Like I say to many of my clients particularly the ladies: “You need to eat to fuel your workout, create fat burn and recover whist building lean muscle!” Otherwise your body will eat itself to fuel your workout and continue doing so to repair muscle used in the workout rather than build new lean muscle. This gets you nowhere!
Why bother at all commencing a training regime with this fearful attitude to food? To commit to a training regime with a fitness goal in mind is to accept that 70% of your training is preparation and consumption of Real Foods and 30% is the toned physique that functional exercise creates fueled by the right macronutrients.
In short, we always want to avoid a catabolic state!
So how do we do that?
As stated above – to avoid a catabolic state… EAT ENOUGH!
The number one reason I see people not getting results with their fitness programs is because they have it ingrained in their minds that “less food = more fat loss”. This is not true!
In any fitness program, a lot of catabolism is occurring, and if the nutrients just aren’t there to make the repairs in time for the next workout, further breakdown i.e. catabolism occurs, the body starts getting the resources it needs from undamaged muscles, and your overall amount of muscle mass decreases. Like I stated before “YOU ARE EATING YOURSELF” and eventually you will become weak, burn out, and possibly injure yourself.
So let’s now back track to last week’s post: “MACRONUTRIENTS DEFINE YOUR BODY COMPOSITION” where I explained “keeping your calories at a proper amount is CRUCIAL.” As summarised in this post the most important aspect of any Nutrition Program is the overall calories; how much your eating for your body. The most important elements are setting the right caloric intake for your activity level as well as training regime, and getting adequate protein and essential fatty acids. As for carbohydrates they need to be a plant base for most people on a mission for optimum fitness and as for those working at an athlete/competitive level this may need a slight variance.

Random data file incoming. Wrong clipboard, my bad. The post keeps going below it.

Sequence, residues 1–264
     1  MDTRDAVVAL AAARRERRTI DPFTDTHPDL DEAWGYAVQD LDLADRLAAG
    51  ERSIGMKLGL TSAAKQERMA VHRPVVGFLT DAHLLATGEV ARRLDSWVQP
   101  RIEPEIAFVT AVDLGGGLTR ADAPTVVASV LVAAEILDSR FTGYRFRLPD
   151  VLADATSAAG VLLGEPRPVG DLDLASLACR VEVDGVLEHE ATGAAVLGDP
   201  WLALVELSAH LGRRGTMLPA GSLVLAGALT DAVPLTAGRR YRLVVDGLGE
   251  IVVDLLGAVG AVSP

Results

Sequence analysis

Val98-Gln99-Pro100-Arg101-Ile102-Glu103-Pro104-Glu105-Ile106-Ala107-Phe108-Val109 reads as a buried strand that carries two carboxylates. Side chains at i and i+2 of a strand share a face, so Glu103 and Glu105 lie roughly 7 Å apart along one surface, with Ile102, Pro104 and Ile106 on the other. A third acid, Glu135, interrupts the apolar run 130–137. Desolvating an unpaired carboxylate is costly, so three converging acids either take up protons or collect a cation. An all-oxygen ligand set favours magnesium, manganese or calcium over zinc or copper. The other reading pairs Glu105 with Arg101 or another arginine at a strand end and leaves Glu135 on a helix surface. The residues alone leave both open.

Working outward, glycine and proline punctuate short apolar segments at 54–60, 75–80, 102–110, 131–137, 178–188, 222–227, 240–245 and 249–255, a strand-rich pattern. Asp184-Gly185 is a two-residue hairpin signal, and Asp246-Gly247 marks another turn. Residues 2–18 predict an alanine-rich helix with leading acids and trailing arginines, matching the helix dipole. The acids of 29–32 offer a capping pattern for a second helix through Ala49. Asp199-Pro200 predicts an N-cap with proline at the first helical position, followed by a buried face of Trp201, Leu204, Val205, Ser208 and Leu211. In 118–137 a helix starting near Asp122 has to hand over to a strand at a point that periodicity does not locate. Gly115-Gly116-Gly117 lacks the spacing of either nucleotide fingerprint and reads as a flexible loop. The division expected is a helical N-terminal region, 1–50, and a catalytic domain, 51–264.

Higher intensity athlete level training requires inclusion of brown rice and oats to meet the macronutrient requirements as well as other forms of carbohydrates when their Nutrition Plan requires a “CARB REFEED” to boost their metabolism and lean muscle growth… a post I am so looking forward to living and writing in the next few weeks… This is really where the pancake is turned upside down in regards to the role of carbohydrates in meeting your fitness goal/s!
Supplements also can aid in keeping our bodies in an anabolic state as much as possible. It is best practice to take some whey protein such as our Be Fit Hub Pure Whey Protein 10 – 30 minutes before your workout. This pre-workout meal will help to create an anabolic environment when your muscles begin to break down during your session. Immediately after your workout a recovery drink of whey protein should be taken. This will begin the anabolic process immediately! 45 – 60 minutes after a normal meal consisting of a good serve of protein and complex carbohydrates and some good fats is ideal.
In addition to whey protein, L-glutamine has been shown to decrease catabolism. Taking a teaspoon of L-glutamine at night before bed with Casein protein (a slow absorbing form of protein) can do wonders for keeping your body from going catabolic during your 6-8 hour fast.
And there you have it – “You are what you eat!” now explained in reference to ANABOLIC and CATABOLIC.
STRONG is the new SKINNY! xx